Mudzuri booted out

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Former Harare mayor Elias Mudzuri — who had held powerful positions in the MDC-T since its inception in 1999 — is now an ordinary card-carrying party member.

Mudzuri was dealt a thorough hiding by charismatic and popular former information secretary Nelson Chamisa, who walloped him by 2 611 to 707 votes to land the party’s national organising secretary job.

A team aligned to MDC-T president Morgan Tsvangirai and secretary-general Tendai Biti swept to power at the party’s third congress which ended in Bulawayo Sunday.

Tsvangirai and Biti, who, according to sources, lead different factions, had a marriage of convenience at the congress with the Biti camp supporting Tsvangirai loyalists such as Thokozani Khupe and Lovemore Moyo, who were re-elected as vice-president and national chairman, respectively.

All the candidates, who were on the “Team Yamudhara” list, romped to victory with the exception of Douglas Mwonzora, who won the battle of the lawyers against Tongai Matutu to land the party spokesman position, and Morgan Komichi, who was elected deputy national chairman ahead of Alexio Musundire and Blessing Chebundo.

According to party sources, Team Yamudhara referred to a list of Tsvangirai’s preferred candidates, but people close to the party leader denied the claim saying he (Tsvangirai) knew nothing about it.

They said a person vying for one of the positions had crafted the list to endear himself with the delegates by creating an impression that he had Tsvangirai’s backing.

Khupe garnered the highest number of votes, with 3 047 people casting ballots for her while her rivals Norman Mabhena and Thabitha Khumalo had 347 and 99 votes respectively.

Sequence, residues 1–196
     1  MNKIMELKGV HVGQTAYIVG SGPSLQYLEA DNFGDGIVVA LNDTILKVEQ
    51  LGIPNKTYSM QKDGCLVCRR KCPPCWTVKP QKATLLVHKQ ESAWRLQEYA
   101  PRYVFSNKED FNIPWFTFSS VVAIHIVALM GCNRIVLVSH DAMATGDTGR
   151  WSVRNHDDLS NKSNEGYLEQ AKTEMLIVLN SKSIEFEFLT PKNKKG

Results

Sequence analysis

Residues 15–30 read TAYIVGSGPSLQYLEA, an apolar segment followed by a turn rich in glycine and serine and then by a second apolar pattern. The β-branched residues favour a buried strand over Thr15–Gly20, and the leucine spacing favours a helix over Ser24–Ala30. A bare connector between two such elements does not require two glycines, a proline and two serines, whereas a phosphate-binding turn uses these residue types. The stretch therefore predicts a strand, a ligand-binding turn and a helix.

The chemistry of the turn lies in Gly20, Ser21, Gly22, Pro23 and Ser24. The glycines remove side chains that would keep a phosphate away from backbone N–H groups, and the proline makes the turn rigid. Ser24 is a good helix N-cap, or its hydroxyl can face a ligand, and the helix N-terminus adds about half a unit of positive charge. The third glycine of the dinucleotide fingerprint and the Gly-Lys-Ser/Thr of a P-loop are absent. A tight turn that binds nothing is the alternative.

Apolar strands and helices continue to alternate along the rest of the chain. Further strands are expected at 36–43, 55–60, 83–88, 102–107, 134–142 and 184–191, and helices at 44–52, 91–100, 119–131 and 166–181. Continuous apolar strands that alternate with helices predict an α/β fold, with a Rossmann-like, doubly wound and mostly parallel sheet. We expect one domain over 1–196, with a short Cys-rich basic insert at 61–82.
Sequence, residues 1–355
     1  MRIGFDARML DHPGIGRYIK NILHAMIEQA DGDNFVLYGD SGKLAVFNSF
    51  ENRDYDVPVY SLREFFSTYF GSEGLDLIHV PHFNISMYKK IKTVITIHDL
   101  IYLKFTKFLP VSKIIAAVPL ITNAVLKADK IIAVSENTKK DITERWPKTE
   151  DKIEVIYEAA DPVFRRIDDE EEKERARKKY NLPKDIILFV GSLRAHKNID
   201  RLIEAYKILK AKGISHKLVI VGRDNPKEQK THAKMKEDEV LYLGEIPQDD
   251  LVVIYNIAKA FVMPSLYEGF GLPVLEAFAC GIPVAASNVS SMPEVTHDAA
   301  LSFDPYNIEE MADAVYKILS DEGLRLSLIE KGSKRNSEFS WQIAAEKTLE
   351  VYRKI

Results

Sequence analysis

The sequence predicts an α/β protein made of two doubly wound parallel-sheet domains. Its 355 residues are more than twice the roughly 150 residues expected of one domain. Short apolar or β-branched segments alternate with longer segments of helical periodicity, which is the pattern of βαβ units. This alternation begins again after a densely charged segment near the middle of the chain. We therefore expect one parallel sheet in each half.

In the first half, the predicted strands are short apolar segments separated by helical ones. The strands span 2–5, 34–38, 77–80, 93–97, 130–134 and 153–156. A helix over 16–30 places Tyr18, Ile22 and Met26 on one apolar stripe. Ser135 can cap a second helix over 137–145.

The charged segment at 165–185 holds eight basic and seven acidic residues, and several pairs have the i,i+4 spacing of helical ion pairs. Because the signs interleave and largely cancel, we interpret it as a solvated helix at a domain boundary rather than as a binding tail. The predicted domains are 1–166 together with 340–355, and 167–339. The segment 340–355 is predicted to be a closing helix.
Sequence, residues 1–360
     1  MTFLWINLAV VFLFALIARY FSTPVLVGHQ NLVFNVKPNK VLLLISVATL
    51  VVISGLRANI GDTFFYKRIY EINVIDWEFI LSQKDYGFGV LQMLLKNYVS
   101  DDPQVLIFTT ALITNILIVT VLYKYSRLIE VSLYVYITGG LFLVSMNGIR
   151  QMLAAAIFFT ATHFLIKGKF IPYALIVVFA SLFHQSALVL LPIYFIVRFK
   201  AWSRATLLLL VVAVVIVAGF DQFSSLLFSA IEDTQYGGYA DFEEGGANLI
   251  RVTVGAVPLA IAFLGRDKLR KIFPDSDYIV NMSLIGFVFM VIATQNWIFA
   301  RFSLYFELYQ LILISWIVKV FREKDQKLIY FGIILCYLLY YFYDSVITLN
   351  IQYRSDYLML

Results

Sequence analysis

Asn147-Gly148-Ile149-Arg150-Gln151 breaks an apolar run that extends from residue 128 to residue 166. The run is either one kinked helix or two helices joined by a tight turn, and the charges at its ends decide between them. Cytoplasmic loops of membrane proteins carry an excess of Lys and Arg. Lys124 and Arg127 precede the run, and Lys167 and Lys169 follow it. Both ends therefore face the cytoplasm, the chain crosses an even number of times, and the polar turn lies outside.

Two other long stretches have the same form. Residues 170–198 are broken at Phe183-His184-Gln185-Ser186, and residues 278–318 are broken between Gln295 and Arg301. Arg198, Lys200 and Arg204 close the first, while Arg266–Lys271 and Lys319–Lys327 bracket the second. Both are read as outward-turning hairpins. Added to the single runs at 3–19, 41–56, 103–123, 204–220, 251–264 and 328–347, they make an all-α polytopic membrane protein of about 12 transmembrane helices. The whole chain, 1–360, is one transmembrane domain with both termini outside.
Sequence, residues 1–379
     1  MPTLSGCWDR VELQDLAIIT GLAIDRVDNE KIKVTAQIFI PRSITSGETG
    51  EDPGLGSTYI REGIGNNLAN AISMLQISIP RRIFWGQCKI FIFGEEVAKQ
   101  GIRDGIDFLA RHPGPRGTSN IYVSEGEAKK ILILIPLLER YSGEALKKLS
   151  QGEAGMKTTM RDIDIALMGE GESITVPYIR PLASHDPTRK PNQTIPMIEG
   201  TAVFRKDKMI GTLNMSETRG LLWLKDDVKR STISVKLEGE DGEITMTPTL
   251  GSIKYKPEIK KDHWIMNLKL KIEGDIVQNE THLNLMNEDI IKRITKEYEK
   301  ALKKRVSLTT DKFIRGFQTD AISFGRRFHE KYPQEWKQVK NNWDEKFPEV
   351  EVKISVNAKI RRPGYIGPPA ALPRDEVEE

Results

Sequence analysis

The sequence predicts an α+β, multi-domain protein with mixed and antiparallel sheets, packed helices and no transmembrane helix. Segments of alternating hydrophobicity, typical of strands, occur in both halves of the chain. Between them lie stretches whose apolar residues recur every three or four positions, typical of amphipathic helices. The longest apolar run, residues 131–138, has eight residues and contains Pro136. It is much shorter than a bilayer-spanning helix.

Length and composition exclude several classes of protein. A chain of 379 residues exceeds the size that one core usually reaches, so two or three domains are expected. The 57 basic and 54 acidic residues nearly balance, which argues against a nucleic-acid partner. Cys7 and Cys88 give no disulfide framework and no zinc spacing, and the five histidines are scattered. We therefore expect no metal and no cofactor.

Khumalo broke the congress record as the party’s least popular leader after she received the smallest number of votes.

Moyo brushed aside a challenge from former trade unionist Lucia Matibenga by 3 040 votes to 566.

Biti was re-elected secretary-general after garnering 2 850 votes compared to Professor Eliphas Mukonoweshuro’s 764. Mukonoweshuro is Tsvangirai’s close advisor.

Mwonzora rose from the setback of being shunned by his own province, Manicaland, to claim the post of party spokesperson, garnering 2 351 votes against Matutu’s 1 115 votes.

The Manicaland provincial leadership had nominated Matutu for the position ahead of their kindred Mwonzora.

Komichi took the position of deputy national chairman with 1 704 votes, while Musundire got 535 and Chebundo 460 votes.

There were 1 000 spoilt ballots. Party delegates were required to write the names of the candidate of their choice.

Abednico Bhebhe, who jumped ship from the Welshman Ncube-led MDC, claimed the deputy national organising secretary’s position ahead of former youth chairman Thamsanqa Mahlangu, who had the support of the youth wing.

Bhebhe polled 1 993 votes against Mahlangu’s 1 321, making theirs the closest contest of the congress.

The deputy treasurer-general’s post went to Elton Mangoma, who got 2 484 votes.

His rivals ministers Sekai Holland and Samuel Sipepa Nkomo managed 757 and 373 votes, respectively.

The results were announced by National Constitutional Assembly chairman Lovemore Madhuku, whose organisation conducted the election with the assistance of Bulawayo lawyer Kucaca Phulu.

“The results were accepted by all candidates and all election agents . . . Anyone who will say anything contrary after this, does not have the interest of not only the MDC-T, but Zimbabwe, at heart,” said Madhuku.

Insiders revealed that most of the positions at the grassroots went to the MDC-T faction controlled by Biti.

They also said the Biti faction had supported people aligned to Tsvangirai because they perceived them as not being a threat to their ambitions.